• The Italian volunteer worked with Africa Milele Onlus
• She was kidnapped at her station in Chakama village, Kilifi county, on November 20, 2018
Italian intelligence troops under the Ros of the Carabinieri were dispatched to Nairobi in April to take over investigations into the kidnapping of Italian volunteer Silvia Romano.
A Kenyan officer who sought anonymity yesterday said the Kenyan authorities briefed the Italians on their progress before they handed over the operation. The special military arm investigates organised crime and terrorism.
On March 27, an Italian online newspaper Il Post (www.ilpost.it)reported that Ros had repeatedly asked the Kenyan authorities to join the investigation, without ever receiving a reply.
Another media outlet, Il Sussidiaro (www.ilsussidiario.net), reported on April 13 that the Ros flew to Kenya to lend a hand to investigators
And as though to confirm that the search had ended on the Kenyan side, Kilifi police boss Patrick Okeri and his Lamu counterpart Joseph Kanyiri said no operations are ongoing.
Romano, 23, was a volunteer with Africa Milele Onlus. She was kidnapped at her station in Chakama village, Kilifi county, on November 20 last year. After a week, police identified Ibrahim Adan Omar, Yusuf Kuno Adan and Said Adan Abdi as suspects.
A statement from the then Inspector General of Police, Joseph Boinnet, offered a Sh1 million reward for information that would lead to the arrest of the trio. They were said to be armed and dangerous.
Information and updates from the police regarding the search and Romano’s whereabouts have become increasingly scant and rare.
The authorities have yet to understand the motive of the kidnapping in the terror-prone North Coast. Reports emerged, however, that the Italian had been in constant communication with one of the abductors over alleged ivory smuggling deals, which had flopped.
More questions linger on who exactly was involved, with many pointing fingers at al Shabaab arm — the Jaysh al-Ayman insurgents based in Boni Forest. Tana River is inhabited by the Orma, Wardei, Pokomo, Bajui and Waata who are primarily pastoralists and hunters. Experts dismiss the hypothesis that local bandits could have been involved.
It is now more than 200 days since Romano’s disappearance. The police have assumed complete silence, raising speculations on whether she is still alive and within the Kenyan territory.
“We have crucial information and we believe Ms Romano, 23, is still alive. We also believe she is still being held in Kenya,” the then Coast police commander, Noah Mwivanda, said on December 24.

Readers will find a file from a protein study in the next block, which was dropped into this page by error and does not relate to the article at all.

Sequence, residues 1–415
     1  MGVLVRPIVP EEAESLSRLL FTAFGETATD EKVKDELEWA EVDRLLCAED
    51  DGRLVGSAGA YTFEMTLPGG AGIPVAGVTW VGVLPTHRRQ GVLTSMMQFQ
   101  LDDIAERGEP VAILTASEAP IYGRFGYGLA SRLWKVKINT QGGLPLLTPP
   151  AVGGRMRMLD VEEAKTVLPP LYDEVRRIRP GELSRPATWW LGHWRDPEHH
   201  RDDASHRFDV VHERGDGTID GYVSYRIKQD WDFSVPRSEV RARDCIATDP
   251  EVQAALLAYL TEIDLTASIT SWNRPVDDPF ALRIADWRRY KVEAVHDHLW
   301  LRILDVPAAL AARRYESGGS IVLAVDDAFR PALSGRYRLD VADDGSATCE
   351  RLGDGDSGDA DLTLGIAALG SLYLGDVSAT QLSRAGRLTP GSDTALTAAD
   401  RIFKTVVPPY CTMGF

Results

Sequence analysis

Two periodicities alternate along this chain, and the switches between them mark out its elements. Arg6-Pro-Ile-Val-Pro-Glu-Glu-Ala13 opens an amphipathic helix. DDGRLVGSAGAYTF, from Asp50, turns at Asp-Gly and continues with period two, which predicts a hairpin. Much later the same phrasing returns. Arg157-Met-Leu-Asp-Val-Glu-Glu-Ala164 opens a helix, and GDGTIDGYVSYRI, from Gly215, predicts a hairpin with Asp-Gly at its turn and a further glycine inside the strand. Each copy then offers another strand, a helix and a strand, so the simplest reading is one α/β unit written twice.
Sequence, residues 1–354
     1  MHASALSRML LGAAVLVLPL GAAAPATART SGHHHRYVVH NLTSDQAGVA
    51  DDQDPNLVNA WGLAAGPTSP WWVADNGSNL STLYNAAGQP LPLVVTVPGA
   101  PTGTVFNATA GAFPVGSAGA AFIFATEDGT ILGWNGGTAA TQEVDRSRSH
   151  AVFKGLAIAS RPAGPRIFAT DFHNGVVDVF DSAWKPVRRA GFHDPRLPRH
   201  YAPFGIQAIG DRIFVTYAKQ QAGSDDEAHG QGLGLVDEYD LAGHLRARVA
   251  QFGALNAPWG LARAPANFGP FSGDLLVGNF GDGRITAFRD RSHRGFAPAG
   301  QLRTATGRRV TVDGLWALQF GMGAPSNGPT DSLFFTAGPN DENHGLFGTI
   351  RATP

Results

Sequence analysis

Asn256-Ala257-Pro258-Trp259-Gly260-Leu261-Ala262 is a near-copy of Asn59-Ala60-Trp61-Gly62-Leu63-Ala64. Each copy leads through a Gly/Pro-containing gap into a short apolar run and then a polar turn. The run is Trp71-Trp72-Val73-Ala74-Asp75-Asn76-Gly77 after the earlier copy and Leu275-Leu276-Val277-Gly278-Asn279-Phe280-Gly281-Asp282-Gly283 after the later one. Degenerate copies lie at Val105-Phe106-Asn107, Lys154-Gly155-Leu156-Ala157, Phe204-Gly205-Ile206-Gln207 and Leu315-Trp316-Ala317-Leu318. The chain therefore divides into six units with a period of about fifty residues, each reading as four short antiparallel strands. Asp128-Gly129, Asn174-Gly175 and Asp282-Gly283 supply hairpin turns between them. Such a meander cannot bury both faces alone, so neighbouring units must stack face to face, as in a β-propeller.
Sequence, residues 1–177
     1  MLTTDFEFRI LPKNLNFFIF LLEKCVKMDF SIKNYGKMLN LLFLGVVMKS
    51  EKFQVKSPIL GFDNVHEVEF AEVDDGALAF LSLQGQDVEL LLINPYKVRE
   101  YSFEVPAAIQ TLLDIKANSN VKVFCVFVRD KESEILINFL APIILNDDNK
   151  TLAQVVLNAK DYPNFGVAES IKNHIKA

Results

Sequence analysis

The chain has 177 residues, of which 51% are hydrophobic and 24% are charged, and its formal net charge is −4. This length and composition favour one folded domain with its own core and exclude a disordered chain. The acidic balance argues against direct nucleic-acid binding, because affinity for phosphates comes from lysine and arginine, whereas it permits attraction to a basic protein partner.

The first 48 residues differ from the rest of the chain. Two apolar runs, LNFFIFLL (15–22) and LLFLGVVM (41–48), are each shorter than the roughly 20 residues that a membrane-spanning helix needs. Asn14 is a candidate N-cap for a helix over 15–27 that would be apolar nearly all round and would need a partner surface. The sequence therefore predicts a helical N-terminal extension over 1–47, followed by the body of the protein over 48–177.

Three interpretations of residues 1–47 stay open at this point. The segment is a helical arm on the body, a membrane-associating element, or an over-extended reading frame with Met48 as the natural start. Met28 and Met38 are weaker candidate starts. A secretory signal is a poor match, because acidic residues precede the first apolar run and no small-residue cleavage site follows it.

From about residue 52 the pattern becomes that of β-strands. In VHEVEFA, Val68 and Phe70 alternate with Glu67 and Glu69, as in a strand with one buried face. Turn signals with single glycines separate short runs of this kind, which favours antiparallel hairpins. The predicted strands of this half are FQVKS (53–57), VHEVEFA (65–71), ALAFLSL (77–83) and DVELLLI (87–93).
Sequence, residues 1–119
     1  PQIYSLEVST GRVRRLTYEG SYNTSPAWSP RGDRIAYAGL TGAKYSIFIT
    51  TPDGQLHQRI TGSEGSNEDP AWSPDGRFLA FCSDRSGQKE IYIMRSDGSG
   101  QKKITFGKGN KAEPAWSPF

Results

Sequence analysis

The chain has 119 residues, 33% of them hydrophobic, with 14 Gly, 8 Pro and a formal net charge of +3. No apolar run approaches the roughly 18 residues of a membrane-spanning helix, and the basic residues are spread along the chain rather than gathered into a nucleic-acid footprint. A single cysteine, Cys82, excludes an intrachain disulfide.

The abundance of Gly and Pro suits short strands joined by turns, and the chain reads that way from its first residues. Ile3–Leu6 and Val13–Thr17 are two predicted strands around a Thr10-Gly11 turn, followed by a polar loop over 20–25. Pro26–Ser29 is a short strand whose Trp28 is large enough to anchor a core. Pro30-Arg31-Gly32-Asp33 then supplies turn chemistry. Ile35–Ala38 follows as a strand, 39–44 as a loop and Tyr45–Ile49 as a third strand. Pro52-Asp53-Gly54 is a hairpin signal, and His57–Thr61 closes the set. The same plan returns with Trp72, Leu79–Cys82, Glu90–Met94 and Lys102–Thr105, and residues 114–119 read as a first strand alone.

Interior CS Fred Matiang’i dodged questions by reporters on the status of the search. He said commenting would jeopardise investigations. To date, the silence has not yielded the desired results.
Back in Italy, however, Romano’s family had asked for privacy. But the approach taken by police agencies here in Kenya is a concern, given the fragile security situation in the North Coast.
cautious with comments
When contacted on Tuesday last week, IG Hillary Mutyambai said he was busy and directed the Star to police spokesman Charles Owino.
“Right now I’m in a function, talk to Owino … I will advise him to talk to you,” he said.
Efforts to reach Owino through calls and text messages have been unsuccessful. He has not responded. Other calls to Coast regional coordinator John Elungata and Coast police boss Marcus Ochola did not offer satisfactory responses.
On May 20, Milan Mayor Giuseppe Sala, in a veiled comment, poured cold water on Kenya’s ability to investigate. “I can only have confidence in the action of our government. Nevertheless, it is a great frustration being able to only wait for news from those who are working to bring her back home,” he said.
Milan is the home city of Romano. Some online platforms have been set up in solidarity with her.
The arrest of Ibrahim Adan Omar at his home in Bangali, Tana River, in early December, and investigations towards the seizure of two motorbikes said to have been used by the abductors have not led to meaningful results.
Other measures taken so far include curfews, arrests of Tana River residents and the closure of Somalia entry points. Even these have not helped matters. At some point, speculations were rife that the abductors had sneaked Romano into Somalia.
Yesterday, acting Tana River police boss Titus Munywoki refused to comment on the rescue mission on the phone.
“Come to the office. I cannot tell you anything via a phone call … or go to the regional police commander,” he said.
(Edited by F'Orieny)